The diagram shows the EEG results comparing brain activity when the word was seen versus when it was not seen. Activity at around 96ms and 180ms was roughly the same for both. This is an unconscious activity where the first image processing took place. But then, around 276 msec, there started a big difference in activity between when the word was seen and when the word was not seen. This continued until about 576 ms. This difference is conscious processing.

This time and activity are common for conscious activities involving vision. Almost identical processing occurs for about the first 300 ms in experiments where subjects report being unaware or aware of what is being tested. However, for experiments where subjects report being aware of what is being tested, starting at around 300 msec there is an avalanche of activity.

In Stanislas Dehaene’s book, Consciousness and the Brain: Deciphering how the brain codes our thoughts, he describes four signatures of conscious thought, that is to say the activity that is observed during this avalanche:

  1. a sudden onset of activity in the upper back part of the brain where sensory processing occurs (the parietal region) and the front part of the frontal lobe of the brain (the prefrontal cortex) which is involved in decision making, short-term memory, planning and other high-level activity,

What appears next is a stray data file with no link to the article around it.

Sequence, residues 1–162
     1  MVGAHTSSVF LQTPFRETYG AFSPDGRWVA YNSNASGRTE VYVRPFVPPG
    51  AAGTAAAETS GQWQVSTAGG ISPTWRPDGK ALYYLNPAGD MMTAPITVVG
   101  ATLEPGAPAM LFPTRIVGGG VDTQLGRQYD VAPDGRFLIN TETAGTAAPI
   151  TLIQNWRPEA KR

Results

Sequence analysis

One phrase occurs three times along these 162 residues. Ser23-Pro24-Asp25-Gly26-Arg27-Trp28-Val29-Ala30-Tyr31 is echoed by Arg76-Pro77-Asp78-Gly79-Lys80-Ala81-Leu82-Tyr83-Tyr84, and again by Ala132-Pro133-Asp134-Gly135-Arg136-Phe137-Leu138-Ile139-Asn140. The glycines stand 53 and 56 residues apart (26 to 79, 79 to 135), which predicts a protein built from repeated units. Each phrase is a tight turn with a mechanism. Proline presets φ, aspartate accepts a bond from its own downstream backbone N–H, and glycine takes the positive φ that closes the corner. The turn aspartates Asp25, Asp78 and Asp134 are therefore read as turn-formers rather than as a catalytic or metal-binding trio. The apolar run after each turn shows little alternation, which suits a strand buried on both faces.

2. a P3 wave observed on the EEG which sweeps the parietal region and the prefrontal cortex,
  3. a late and sudden explosion of high frequency oscillations, and
  4. massive synchronization of electromagnetic signals throughout the cortex – the wrinkled outer layer of the brain.

So these are signatures of consciousness, and examining what is going on in the brain during this time may one day shed light on exactly how consciousness works. In the meantime, this research has resulted in a consciousness detector.

Detect consciousness in coma patients

In his book, Dahaene describes how he and his colleagues used this research to detect consciousness or lack of consciousness in coma patients. To make it cheap, they used EEG, which is available in many intensive care units. They tested the P3 wave, the 2nd signature of consciousness.

They play four identical sounds followed by a deviant fifth: beep, beep, beep, beep, boop. The deviant triggers a P3 wave. Unfortunately, the auditory cortex also produces an unconscious mismatch response, called MMN, which also results in a P3 wave. To compensate for this, they play the four repeated beeps and the deviating boop for a while, then suddenly play five beeps without the deviating. Without the deviant, the unconscious mismatch response does not activate, but conscious processing notices that there was no deviance and that the P3 wave is still occurring. A patient who was not conscious would not produce the P3 wave.

Their test identified different patients as unconscious or conscious and those who showed consciousness regained partial or full consciousness within a few days. The subsequent use of the test even saved a life. Doctors had a patient they were ready to give up when this detection technique convinced them to wait a little longer. They did, and the patient eventually made a full recovery.

So the next time someone tells you that we don’t know what consciousness is and that it is something mystical, unknowable, tell them that there is some real scientific research on consciousness that has already produced beneficial results, although the field is still in its infancy.